CUSTOMER LOYALTY & MARKETERS REWARDS PROGRAMS.
Loyalty programs have a simple logic: to provide customers an incentive to spend more. And in keeping with that logic, retailers, service providers, telecom services, financial services and many other companies, have been doling out loyalty cards with associated rewards. Their aim is to retain what they hope will be high-spending customers.
But hereâ€™s the twist: it would seem that shoppers donâ€™t see much value in such programs. Studies have shown that only about 20% of the members in a loyalty programs drive a substantially large percentage of the profits. They are the loyal customers who tend to spend more and are actively involved in the loyalty programs by constantly accumulation and redeeming points.
Up to 50% points remain unredeemed because memberships lapse. Almost 50%-60% of programs members tend to spend less and less on the companyâ€™s products. Almost 40%-50% are the low spenders. Having earned the points, they are unable or unwilling to use their points. They are what programs managers call â€˜value destroyersâ€™ of a loyalty Programs. These are all customers that, for various reasons, have taken their custom elsewhere.
Loyalty programs are a double-edged sword. On the one hand business gurus tell us that a loyal customer is an investment. Reward her with points and she will keep coming back to spend more. But retailers that have a huge bank of un-redeemed points often consider it a liability and not investments. The immediate reaction tends to be to bring down the value of the points to reduce the liability.
Hereâ€™s how it works in India: Most loyalty programs are based on the model followed by the credit card industry, where 1%-2% rewards points is the norm. But the thing is, the economics of the credit card business does not allow anything more.
Besides, people make many more purchases on their credit cards than they are likely to make at any single retail outlet. In a year, an average family spends between Rs. 50,000 to Rs. 1.5 lacs through credit cards. Even a 1% reward on that work out to between Rs. 500 to Rs. 1,500 thatâ€™s large enough to give a higher notional value to the 1% reward point.
The irony here is that, a few years ago, a leading MNC bank reported up to 65% unredeemed points. Yet, unfortunately the credit card model has become the benchmark for everyone else, irrelevance notwithstanding.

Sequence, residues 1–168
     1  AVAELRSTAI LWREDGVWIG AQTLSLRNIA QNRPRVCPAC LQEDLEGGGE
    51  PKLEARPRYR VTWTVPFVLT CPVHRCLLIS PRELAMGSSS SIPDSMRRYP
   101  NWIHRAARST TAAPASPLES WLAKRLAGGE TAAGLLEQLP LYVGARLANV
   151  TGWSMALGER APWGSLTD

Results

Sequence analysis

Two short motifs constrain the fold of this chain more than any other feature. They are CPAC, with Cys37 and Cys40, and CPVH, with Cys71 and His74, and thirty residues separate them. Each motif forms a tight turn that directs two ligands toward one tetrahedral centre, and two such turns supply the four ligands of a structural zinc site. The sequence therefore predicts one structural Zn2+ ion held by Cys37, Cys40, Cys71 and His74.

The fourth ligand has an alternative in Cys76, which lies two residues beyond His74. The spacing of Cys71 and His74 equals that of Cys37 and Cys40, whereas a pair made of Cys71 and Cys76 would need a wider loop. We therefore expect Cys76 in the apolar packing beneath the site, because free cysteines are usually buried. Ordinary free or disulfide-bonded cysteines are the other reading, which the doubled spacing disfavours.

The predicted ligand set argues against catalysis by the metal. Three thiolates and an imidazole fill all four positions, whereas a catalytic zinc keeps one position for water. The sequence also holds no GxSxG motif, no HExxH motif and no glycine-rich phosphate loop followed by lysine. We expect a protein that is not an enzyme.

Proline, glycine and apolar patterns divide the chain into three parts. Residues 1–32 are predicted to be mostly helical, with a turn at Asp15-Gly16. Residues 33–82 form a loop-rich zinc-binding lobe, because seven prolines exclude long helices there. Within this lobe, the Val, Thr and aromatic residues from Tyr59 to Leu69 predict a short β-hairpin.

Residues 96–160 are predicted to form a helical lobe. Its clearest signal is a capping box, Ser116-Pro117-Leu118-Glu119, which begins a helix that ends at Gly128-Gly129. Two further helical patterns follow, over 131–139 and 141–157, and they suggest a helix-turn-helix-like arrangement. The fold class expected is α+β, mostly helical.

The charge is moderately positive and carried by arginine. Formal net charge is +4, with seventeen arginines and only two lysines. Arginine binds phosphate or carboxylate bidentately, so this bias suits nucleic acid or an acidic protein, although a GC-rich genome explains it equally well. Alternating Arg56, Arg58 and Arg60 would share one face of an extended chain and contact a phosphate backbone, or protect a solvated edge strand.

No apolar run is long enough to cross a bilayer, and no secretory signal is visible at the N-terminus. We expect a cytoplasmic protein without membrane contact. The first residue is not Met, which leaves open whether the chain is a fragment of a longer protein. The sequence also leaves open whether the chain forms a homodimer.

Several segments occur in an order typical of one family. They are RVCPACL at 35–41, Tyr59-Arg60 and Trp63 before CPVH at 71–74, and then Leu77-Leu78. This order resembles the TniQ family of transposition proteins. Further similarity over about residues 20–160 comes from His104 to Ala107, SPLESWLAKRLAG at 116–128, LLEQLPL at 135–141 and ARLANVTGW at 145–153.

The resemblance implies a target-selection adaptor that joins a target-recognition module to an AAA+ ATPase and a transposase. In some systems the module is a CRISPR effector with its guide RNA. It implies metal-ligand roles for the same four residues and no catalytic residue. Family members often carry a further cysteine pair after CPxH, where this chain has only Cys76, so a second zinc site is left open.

Now consider this. If a shopper gets only 2% of the purchase value as reward, she would have to buy things worth Rs. 25,000 to collect a mere 500 points. Given an industry norm of 1 point equals Re. 1, it works out to Rs. 500, Recently, there were reports of a major retailer shaving off 30 paise from that â€œone rupeeâ€?. A drop to 70 paise means a 30% drop that is, Rs. 350. So as a loyal member, I spend Rs. 25,000 and at the end I get a mere Rs. 350 gift. Is that really winning over loyalty? Probably thatâ€™s why the Indian consumer is so apathetic towards such programs and why we have loyalty programs either closing down or forever restructuring themselves.
But it need not be like that. Smart programs managers globally have created sophisticated techniques to predict which â€˜loyalâ€™ consumers are going to drop out. They then proactively assign residual value to the truly loyal members. Instead of killing the lapsed points and their value, they reassign value somewhere else. What this means is, creating a tiered loyalty structure where the top 20% members get higher points.
The reasons for doing this are fairly strong. Top-end members spend proportionately much greater than the lower tier members, even though at the beginning of the programs the spending may have been similar.
A large retailer reported that out of a total of 1.5 lakh members, the skew was clearly noticeable with only 15,000-20,000 spending greater than Rs. 25,000 or more, as against the national average of Rs. 8,000 It therefore makes sense to move part of the rewards to the better and more profitable members by carefully restructuring the potentially dead points.
Furthermore, it is now a well established fact, proven by many surveys, that on an average a frequent shopper is a member of at least three such programs with different retailers. A rationally structured loyalty programs could be a way to get an increased â€œshare of his walletâ€?.
Data has also shown that loyalty members tend to be more educated, involved and more discerning customers. The higher they go up in the loyalty â€˜pyramidâ€™ such profiles get even stronger.
Many large retailers in the US have actually given up to and sometime beyond 8%-10% of bill as rewards to their best customers. A good loyalty program is one that lets members see value per point beyond the commercial par value that is 1 point equals 1 unit currency. Many loyalty programs have, with smartly carved rewards structure given up to 50% more value per point (read as 1 point equals Re. 1.50) This makes loyal customer feel good about the program.
It is a matter of assigning notional values that have far reaching implications. Redemption improves sales. But unredeemed points hit bottom-line. Unredeemed points also do not belong to anyone after validity expires.
This surely calls for program restructuring to provide a greater value to potential winning customers.